Noticing my search, a shop owner appears like magic from behind a particularly large pile of sandals and, after I explain my predicament, disappears as quickly as she had shown up. After a staggeringly short period of time, she — now wearing an enormous smile — is back, triumphantly holding an identical, but slightly larger pair of black Toms.
Although I can barely contain my excitement, I do my best to eye the shoes skeptically before trying them on. Haggling is expected at any market place in South East Asia, but your bargaining power as a buyer is greatly reduced if you show too much eagerness. Instead, I take a few steps in the shoes before removing them, telling the shopkeeper I might look around elsewhere as I eye a similarly massive wall of shoes just across the corridor.
Not wanting to lose the sale completely, I am then promised a good deal and ask how much I want to pay. I start with a low offer, knowing I will be haggled up regardless of what I set my starting point at, and after a few exchanges of potential prices, I walk away with a new pair of Toms for $7USD. While I’m fairly sure they’re not completely authentic, the shoes are comfortable and come with much more story and personality than any pair I would have bought from a mall.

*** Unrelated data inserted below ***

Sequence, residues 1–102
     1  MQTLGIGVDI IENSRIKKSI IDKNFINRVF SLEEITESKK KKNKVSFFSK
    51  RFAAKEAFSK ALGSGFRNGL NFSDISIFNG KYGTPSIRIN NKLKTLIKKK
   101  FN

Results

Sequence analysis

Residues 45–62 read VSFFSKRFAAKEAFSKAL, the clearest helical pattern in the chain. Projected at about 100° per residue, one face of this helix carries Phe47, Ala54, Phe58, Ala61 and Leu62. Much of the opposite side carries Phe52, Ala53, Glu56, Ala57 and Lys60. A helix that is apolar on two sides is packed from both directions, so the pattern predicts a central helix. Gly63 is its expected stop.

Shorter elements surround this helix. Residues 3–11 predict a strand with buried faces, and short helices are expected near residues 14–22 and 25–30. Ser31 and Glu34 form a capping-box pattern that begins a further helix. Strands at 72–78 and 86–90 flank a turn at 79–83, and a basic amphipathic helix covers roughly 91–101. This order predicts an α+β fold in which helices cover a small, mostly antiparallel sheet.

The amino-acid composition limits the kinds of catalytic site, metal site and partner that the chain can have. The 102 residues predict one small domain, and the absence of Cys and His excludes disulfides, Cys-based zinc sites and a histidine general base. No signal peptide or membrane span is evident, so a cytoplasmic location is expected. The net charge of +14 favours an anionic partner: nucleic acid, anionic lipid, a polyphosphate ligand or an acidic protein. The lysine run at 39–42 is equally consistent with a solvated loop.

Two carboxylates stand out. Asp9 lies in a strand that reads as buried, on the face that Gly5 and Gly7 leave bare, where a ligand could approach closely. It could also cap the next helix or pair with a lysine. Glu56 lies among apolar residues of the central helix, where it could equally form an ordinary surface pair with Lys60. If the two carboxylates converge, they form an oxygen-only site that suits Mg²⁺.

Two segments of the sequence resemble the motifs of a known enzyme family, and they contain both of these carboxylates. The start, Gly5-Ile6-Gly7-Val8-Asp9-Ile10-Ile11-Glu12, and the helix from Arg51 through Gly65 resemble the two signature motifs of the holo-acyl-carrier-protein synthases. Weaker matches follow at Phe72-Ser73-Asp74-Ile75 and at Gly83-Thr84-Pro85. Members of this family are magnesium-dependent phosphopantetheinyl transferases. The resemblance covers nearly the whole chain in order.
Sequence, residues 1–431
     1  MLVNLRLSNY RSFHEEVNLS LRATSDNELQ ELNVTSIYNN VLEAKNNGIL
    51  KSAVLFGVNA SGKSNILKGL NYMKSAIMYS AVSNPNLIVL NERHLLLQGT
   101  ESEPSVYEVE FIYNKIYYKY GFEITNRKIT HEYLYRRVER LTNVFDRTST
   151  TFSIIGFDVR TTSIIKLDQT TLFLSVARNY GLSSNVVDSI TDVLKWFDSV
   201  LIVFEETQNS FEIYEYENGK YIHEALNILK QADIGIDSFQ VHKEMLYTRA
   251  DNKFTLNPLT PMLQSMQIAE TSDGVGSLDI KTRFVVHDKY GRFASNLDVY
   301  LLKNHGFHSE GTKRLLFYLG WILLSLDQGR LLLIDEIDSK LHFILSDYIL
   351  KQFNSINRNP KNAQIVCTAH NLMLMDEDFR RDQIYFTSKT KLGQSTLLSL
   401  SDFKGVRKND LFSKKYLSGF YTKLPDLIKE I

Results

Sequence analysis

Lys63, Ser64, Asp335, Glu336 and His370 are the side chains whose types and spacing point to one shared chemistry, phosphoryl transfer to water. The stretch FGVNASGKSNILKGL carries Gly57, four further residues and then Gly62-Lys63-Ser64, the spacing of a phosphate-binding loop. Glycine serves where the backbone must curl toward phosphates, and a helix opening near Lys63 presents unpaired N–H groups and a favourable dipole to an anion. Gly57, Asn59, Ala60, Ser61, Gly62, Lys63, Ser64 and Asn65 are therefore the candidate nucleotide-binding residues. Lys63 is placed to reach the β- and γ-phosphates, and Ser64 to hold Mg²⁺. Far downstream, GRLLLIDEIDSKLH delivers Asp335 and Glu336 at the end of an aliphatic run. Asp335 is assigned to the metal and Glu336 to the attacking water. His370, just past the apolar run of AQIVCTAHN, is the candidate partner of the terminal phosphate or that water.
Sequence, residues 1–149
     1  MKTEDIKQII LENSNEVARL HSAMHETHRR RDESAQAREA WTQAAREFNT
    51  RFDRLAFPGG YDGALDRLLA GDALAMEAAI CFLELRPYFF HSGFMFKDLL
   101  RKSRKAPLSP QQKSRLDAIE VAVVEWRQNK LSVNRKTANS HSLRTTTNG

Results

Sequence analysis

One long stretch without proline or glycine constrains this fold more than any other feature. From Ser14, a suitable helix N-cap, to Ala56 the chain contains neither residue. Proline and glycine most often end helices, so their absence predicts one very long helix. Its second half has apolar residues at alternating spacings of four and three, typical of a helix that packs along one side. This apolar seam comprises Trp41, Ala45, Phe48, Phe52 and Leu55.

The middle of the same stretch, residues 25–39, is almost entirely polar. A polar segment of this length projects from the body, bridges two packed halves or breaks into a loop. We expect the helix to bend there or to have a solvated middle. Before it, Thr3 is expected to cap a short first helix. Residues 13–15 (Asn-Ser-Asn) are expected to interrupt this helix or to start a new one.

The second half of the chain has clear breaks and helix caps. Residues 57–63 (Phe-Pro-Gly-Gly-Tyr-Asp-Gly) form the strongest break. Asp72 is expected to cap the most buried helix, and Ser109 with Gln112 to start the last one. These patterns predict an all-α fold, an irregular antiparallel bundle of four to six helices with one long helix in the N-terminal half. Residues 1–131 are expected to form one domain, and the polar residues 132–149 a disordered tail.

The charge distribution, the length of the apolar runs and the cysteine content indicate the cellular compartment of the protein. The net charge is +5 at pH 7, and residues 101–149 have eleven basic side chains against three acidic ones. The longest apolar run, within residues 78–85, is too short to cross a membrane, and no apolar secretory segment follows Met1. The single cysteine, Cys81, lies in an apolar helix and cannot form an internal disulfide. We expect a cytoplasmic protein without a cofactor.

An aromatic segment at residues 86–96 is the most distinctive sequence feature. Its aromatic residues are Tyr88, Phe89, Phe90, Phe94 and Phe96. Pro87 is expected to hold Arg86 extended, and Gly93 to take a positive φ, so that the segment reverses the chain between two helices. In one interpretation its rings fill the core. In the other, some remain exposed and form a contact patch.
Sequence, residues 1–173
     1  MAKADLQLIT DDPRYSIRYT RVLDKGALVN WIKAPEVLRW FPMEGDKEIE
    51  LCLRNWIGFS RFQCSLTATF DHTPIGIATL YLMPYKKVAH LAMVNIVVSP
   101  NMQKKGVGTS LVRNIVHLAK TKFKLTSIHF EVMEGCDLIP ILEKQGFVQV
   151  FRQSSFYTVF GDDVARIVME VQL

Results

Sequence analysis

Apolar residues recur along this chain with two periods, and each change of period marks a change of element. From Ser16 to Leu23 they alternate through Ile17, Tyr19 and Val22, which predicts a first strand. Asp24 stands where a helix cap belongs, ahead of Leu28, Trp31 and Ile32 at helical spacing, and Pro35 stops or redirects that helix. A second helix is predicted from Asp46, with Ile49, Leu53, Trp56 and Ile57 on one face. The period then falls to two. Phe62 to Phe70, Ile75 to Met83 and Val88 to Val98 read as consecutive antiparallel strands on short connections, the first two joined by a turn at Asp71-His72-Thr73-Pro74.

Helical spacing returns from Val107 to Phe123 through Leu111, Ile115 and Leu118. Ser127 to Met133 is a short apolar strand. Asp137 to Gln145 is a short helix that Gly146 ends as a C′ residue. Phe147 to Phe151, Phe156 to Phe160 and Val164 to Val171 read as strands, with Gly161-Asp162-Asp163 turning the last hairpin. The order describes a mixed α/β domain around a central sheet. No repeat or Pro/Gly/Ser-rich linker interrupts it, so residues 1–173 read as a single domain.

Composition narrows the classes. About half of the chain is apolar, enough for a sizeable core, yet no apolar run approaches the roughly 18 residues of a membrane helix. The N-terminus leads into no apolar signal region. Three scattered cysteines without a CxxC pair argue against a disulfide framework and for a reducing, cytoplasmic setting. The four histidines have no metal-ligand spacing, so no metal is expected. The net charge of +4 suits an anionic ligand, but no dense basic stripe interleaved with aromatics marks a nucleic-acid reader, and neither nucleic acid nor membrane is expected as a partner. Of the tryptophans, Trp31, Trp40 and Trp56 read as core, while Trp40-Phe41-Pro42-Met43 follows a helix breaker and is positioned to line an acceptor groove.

Waterwheel at the Artist Market
The Ambient Artist Market
With a new spring in my step, I am off to the final stop of the night, the Artist Market. Across the river from the main strip, the market is considerably cleaner and more spacious than the local market. Perhaps because virtually all of the stalls sell souvenirs targeted toward tourists used to higher standards of shopping. Personally, the seemingly over-the-top working waterwheel showcased in the middle of the market is my favorite accent of the space, as it adds a whimsical touch.
Instead of food and clothing, this market features gifts and souvenirs like Cambodia’s famous Kampot pepper, canvas prints of the iconic Angkor Temples and pashminas with Coach and Louis Vuitton logos that seem slightly stretched and off-centered. When I skeptically ask if a particular scarf is a real Louis Vuitton, I am given the answer “same-same but different”, a common phrase which basically means “it’s close enough.”
Beautiful bridge near the Artist Market
After perusing around, I exit the market only to be met with a colorful display of floating lights among the river way I had passed on my way in. The still waters below were as reflective as a mirror and it was easy to see how water brings so much life into the country.
I believe local businesses almost always showcase a region’s pride and personality, and with Cambodia’s long history, there’s definitely a lot to display.
Contributed by Judi Zienchuk.
Featured image of typical Cambodian root spices courtesy of fabulousfabs